7/22/2013 8:33 P.M. ET
Paulino feels good after throwing batting practice
By Dick Kaegel and Kathleen Gier / MLB.com
KANSAS CITY -- Right-hander Felipe Paulino, getting over shoulder stiffness, pitched Monday afternoon without a problem as he continues his delayed comeback from elbow surgery.
Paulino threw a batting practice session with Royals teammates Chris Getz, Elliot Johnson and George Kottaras taking the swings.
"It was just a 25-pitch BP," manager Ned Yost said. "He was fine, strong, a little erratic. He felt good. He'll throw a two-inning simulated game on Thursday, then a three-inning simulated game on Tuesday."
It has not been decided whether next Tuesday's session will be with the club at Minnesota or if Paulino will go to Surprise, Ariz., to throw.
Royals match franchise record on defense
KANSAS CITY -- The Royals had matched a club record Sunday with their 11th straight game without an error before ending that streak Monday against the Orioles. The two previous streaks ran from May 31 to June 11, 1997, and May 10-21, 2011.
The streak covered 101 consecutive innings, just short of the club record of 106, between Jarrod Dyson's error in center field July 6 against Oakland and Mike Moustakas' on Monday.
The Royals have just four errors in July after 47 over the first three months. Moustakas' was the infield's first error since Alcides Escobar committed one July 3 against the Indians.
"It's extremely important that we play good defense," manager Ned Yost said before Monday's game. "Pitching and defense help you win games, but you've got to combine it with some offense, too. We feel that our defense is definitely a strength of our team, and I'm real proud of it."
Butler, Royals host children from Bishop Sullivan Center
KANSAS CITY -- Billy Butler and his teammates hosted a group of children from the Bishop Sullivan Center in Kansas City at the Major League Baseball Players Trust's "Buses for Baseball" event during batting practice on Monday.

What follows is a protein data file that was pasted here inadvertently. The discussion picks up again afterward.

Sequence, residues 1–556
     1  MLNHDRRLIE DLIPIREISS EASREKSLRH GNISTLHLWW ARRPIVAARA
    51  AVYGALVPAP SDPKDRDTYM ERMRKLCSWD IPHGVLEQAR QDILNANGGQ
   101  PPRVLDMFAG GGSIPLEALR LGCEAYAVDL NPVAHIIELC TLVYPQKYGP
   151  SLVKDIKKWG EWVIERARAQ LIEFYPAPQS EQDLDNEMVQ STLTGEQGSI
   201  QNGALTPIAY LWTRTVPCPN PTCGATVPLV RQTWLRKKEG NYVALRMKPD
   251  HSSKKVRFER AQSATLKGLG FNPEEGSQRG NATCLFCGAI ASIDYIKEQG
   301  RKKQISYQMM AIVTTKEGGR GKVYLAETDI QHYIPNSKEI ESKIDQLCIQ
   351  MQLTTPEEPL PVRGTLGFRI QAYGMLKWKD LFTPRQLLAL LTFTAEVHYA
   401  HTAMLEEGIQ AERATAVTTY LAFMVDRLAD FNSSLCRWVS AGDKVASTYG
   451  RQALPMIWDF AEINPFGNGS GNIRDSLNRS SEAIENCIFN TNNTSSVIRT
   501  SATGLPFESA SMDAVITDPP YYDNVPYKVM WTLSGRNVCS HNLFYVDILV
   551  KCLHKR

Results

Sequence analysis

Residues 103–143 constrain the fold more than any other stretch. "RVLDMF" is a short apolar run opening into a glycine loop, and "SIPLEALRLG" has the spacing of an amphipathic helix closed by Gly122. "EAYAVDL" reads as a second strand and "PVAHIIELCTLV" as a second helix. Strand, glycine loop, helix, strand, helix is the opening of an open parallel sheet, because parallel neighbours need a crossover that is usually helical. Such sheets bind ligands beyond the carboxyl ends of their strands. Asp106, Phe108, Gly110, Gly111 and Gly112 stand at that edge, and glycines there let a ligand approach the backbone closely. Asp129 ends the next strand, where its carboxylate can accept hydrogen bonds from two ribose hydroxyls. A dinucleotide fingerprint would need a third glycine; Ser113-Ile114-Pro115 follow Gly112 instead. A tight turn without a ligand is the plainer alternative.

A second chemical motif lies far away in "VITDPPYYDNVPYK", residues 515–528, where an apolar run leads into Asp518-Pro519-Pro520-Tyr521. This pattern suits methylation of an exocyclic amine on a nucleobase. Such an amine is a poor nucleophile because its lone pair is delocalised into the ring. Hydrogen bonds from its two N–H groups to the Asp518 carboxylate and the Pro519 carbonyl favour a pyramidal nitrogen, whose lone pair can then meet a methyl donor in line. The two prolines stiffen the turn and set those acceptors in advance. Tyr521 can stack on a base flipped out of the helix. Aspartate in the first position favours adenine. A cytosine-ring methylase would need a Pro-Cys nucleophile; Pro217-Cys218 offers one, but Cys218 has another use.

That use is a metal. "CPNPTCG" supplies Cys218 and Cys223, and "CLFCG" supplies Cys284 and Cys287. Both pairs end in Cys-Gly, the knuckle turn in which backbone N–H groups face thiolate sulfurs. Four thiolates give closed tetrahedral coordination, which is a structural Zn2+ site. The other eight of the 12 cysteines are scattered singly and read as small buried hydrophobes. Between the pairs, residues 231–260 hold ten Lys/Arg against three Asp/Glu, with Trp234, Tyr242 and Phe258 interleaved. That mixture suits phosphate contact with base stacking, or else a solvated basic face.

The Players Trust provided transportation and game tickets to the children, who were then invited onto the field for batting practice where Butler, Aaron Crow, Bruce Chen, Jeremy Guthrie, Greg Holland and Salvador Perez all signed autographs and took pictures with the group.
"That's an opportunity that they never would have had if it wasn't for Buses for Baseball, the Royals, Billy Butler and the Bishop Sullivan Center," said Nancy Simons, a community member working with the Bishop Sullivan Center. "Most of them play softball or baseball but have never been to a real Major League stadium."
For Butler, it served as a continuation of his work with the Bishop Sullivan Center, which provides emergency assistance in the Kansas City area. Five years ago, Butler and his wife, Katie, started a program called "Hit-It-A-Ton" as a way to raise money and collect food for the Bishop Sullivan pantries and community kitchen. He donates a ton of food (literally) at a cost of $250 for each home run he hits and a half a ton ($125) for each double. Proceeds from his Hit-It-A-Ton BBQ Sauce, Ton of Bar-B-Q Sandwich at Zarda BBQ in Lenexa, Kan., and Blue Springs, Mo., and "FEAR THE SAUCE" shirts also go toward his program.
Royals players react to Braun's suspension
KANSAS CITY -- News spread quickly Monday when Milwaukee Brewers outfielder Ryan Braun was suspended for the rest of the season, and there was little sympathy from the Royals.
"I think there's a few situations where a guy took it and it was tainted with something, and it wasn't knowingly, but in his situation, I think he knew what he was taking," infielder Elliot Johnson said.
"There was a lot of evidence stacking up against him, even more so with the way he's going about it. The Brewers are out of it, he's not making as much money this year, he's making a lot more money next year -- there's a lot of things that played into why he's doing it right now."
Whatever the motivation, Braun accepted the suspension without pay for violations of the Basic Agreement and its Joint Drug Prevention and Treatment Program.
"If guys are doing it, you're glad they're getting caught, because you want to clean up the game as much as possible," reliever Aaron Crow said. "This hopefully deters anyone from trying to do it again."
Whether Braun's is the only suspension this season, time will tell, but for now he is added to the long list of players punished for the use of performance-enhancing drugs.
"You just kind of go with it," center fielder Lorenzo Cain said. "They're serving a suspension, and it does make it tough on guys that don't using any steroids.
"At the same time, I feel for those guys, but that's what happens when you use steroids."
Dick Kaegel is a reporter for MLB.com. Kathleen Gier is an associate reporter for MLB.com. This story was not subject to the approval of Major League Baseball or its clubs.